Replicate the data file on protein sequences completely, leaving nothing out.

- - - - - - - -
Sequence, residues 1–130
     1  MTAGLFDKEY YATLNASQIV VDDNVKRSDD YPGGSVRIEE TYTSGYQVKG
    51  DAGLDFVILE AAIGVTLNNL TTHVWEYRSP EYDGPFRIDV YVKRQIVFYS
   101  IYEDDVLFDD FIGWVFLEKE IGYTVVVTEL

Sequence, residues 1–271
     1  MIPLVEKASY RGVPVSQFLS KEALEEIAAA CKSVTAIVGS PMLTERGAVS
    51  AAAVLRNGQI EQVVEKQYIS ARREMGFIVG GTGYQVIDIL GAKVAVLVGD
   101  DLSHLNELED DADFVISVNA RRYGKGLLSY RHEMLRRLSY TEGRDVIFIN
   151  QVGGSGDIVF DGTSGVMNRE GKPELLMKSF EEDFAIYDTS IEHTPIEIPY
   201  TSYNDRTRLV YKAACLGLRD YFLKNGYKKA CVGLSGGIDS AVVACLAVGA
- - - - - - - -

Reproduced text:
Sequence, residues 1–130
     1  MTAGLFDKEY YATLNASQIV VDDNVKRSDD YPGGSVRIEE TYTSGYQVKG
    51  DAGLDFVILE AAIGVTLNNL TTHVWEYRSP EYDGPFRIDV YVKRQIVFYS
   101  IYEDDVLFDD FIGWVFLEKE IGYTVVVTEL

Sequence, residues 1–271
     1  MIPLVEKASY RGVPVSQFLS KEALEEIAAA CKSVTAIVGS PMLTERGAVS
    51  AAAVLRNGQI EQVVEKQYIS ARREMGFIVG GTGYQVIDIL GAKVAVLVGD
   101  DLSHLNELED DADFVISVNA RRYGKGLLSY RHEMLRRLSY TEGRDVIFIN
   151  QVGGSGDIVF DGTSGVMNRE GKPELLMKSF EEDFAIYDTS IEHTPIEIPY
   201  TSYNDRTRLV YKAACLGLRD YFLKNGYKKA CVGLSGGIDS AVVACLAVGA